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Apparently, Cardano had learned a formula for solving cubic equations from Tartaglia, who had sworn him to secrecy, and in any event, not to publish it without giving Tartaglia due credit.

Cardano published it under his own name, claiming to have learned it elsewhere from a man named Ferro.

"Everyone" knows these facts. So why do people keep referring to it as Cardano's formula, rather than Tartagia's formula, or even Ferro's formula?

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    $\begingroup$ I suspect the reason we keep calling it that isn't any more complicated than just inertia. Another reason mathematicians don't change the name of the formula to recognize Tartaglia is that, generally speaking, we assign names to formulas to recognize the formulas rather than whoever happened to discover them. $\endgroup$ – David H Nov 10 '14 at 18:15
  • $\begingroup$ Oddly enough, in Portugal, the formula is actually known as Tartaglia's formula, and in university, I was actually taught that it was not first advanced by him, but rather, stolen from some other unknown person. This was about 20 years ago, however, before the internet was so commonly available. $\endgroup$ – João Mendes Nov 11 '14 at 13:30
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    $\begingroup$ The Kuhn-Tucker conditions are gradually being renamed "Karush-Kuhn-Tucker", en.wikipedia.org/wiki/…. This is a safe way to proceed. So, the "Cardan-Ferro-Tartaglia" formula? $\endgroup$ – Alecos Papadopoulos Nov 12 '14 at 5:14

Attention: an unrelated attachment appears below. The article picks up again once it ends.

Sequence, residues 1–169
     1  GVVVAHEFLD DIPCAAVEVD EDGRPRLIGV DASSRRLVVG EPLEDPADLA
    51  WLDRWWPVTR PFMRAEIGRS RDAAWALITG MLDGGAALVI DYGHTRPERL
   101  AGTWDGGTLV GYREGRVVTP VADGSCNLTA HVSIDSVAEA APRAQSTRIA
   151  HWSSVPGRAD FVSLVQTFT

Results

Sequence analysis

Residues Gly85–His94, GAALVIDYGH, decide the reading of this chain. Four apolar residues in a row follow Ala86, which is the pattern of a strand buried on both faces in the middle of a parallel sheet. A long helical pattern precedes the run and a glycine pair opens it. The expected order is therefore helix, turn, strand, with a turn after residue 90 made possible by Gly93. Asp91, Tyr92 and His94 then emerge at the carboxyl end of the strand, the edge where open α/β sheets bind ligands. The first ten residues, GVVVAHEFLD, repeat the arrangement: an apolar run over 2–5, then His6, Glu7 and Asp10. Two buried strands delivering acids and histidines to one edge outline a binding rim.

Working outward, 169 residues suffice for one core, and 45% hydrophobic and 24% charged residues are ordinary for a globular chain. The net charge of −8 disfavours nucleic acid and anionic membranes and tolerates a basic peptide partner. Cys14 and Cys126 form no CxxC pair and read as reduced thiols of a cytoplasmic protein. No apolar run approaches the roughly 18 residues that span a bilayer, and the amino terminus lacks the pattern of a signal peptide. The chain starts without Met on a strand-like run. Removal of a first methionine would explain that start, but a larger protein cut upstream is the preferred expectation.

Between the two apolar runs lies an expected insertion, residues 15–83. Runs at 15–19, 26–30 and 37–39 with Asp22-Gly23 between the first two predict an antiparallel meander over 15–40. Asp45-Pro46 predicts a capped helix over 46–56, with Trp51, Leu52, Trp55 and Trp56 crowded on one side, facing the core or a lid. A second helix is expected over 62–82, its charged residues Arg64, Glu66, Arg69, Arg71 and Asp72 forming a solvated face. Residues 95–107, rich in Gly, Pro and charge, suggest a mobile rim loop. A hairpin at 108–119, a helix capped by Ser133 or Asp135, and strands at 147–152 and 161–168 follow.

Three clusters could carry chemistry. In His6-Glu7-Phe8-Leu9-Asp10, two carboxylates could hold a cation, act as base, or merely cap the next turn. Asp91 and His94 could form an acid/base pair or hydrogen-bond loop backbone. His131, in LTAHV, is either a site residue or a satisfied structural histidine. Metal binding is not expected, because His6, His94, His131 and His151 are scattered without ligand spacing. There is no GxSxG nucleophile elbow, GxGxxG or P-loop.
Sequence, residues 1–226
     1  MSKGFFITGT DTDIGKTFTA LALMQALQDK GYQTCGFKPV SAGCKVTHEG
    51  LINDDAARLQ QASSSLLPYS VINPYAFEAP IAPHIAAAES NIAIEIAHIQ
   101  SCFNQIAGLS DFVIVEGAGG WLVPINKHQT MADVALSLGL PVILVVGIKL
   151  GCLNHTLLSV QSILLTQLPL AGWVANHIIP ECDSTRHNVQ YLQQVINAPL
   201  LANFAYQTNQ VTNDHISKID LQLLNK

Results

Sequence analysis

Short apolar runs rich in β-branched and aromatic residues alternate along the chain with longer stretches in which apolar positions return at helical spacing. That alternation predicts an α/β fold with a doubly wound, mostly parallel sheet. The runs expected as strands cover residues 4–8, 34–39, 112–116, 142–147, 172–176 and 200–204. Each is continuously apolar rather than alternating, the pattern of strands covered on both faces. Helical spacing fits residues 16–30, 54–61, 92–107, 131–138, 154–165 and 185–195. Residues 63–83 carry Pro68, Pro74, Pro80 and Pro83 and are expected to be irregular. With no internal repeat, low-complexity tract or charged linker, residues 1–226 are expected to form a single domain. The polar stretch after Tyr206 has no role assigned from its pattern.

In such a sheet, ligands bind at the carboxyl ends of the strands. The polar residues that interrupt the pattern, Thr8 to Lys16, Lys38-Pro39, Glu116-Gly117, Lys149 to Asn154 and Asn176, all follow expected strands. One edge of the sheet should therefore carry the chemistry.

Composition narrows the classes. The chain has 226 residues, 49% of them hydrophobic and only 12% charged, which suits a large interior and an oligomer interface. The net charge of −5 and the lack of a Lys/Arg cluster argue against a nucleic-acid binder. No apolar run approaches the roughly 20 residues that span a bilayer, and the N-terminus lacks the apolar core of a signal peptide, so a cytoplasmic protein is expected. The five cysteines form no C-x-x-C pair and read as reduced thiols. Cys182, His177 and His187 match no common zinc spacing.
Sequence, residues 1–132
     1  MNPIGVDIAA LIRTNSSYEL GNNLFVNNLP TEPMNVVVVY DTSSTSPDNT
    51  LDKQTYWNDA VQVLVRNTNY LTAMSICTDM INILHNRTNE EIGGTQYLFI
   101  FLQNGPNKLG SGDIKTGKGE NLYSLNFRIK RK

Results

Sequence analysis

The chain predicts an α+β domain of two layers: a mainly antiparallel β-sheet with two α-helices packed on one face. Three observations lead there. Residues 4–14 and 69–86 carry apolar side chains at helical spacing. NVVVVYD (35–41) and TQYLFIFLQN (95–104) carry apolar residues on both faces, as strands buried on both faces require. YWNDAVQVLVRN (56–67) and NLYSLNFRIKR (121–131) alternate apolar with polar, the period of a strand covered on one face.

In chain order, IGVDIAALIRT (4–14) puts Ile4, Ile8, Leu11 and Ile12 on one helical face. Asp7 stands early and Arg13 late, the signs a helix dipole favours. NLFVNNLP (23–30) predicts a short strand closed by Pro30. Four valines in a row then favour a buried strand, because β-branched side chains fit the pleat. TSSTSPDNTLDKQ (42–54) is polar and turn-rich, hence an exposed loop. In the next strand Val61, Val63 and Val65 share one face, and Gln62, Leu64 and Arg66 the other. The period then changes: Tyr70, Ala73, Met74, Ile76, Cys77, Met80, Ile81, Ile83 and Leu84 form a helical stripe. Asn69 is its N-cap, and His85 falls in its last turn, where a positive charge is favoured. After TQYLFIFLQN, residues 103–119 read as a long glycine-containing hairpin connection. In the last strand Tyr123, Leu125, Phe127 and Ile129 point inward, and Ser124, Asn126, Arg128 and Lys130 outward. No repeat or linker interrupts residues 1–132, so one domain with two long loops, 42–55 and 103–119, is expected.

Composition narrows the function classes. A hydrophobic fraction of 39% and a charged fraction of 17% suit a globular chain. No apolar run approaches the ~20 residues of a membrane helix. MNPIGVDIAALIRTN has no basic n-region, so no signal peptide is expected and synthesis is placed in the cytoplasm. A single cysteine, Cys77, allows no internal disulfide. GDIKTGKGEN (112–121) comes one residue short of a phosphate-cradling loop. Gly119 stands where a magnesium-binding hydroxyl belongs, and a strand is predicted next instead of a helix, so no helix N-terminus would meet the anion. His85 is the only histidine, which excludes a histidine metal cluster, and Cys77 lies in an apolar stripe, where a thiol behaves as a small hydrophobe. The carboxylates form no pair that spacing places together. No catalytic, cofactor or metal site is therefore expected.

• $\begingroup$ It is worth mentioning that Lagrange once attributed the solving of third degree equations to Scipio Ferro and Tartaglia (section 1 paragraph 1 of Réflexions sur la résolution algébrique des équations). $\endgroup$ – Jack M Nov 15 '14 at 11:36
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In short, because only positive numbers could be used as coefficients at the time there were several cases of the cubic that had to be treated separately. Before Cardano only depressed cubics (with one of the powers missing) were solved. He introduced the substitution that reduces general cubic to a depressed one, and made formulas for depressed ones public for the first time, with his own derivations. Ironically, the formula under his name is not due to him, but he was the first one to "publish" it, while acknowledging del Ferro's and Tartaglia's contributions. Since the use of complex numbers was rudimentary at the time even Cardano's generalization did not resolve the case of a cubic with three real roots, the irreducible case, as Bombelli pointed out. It was later resolved by Viète, who related it to the angle trisection problem.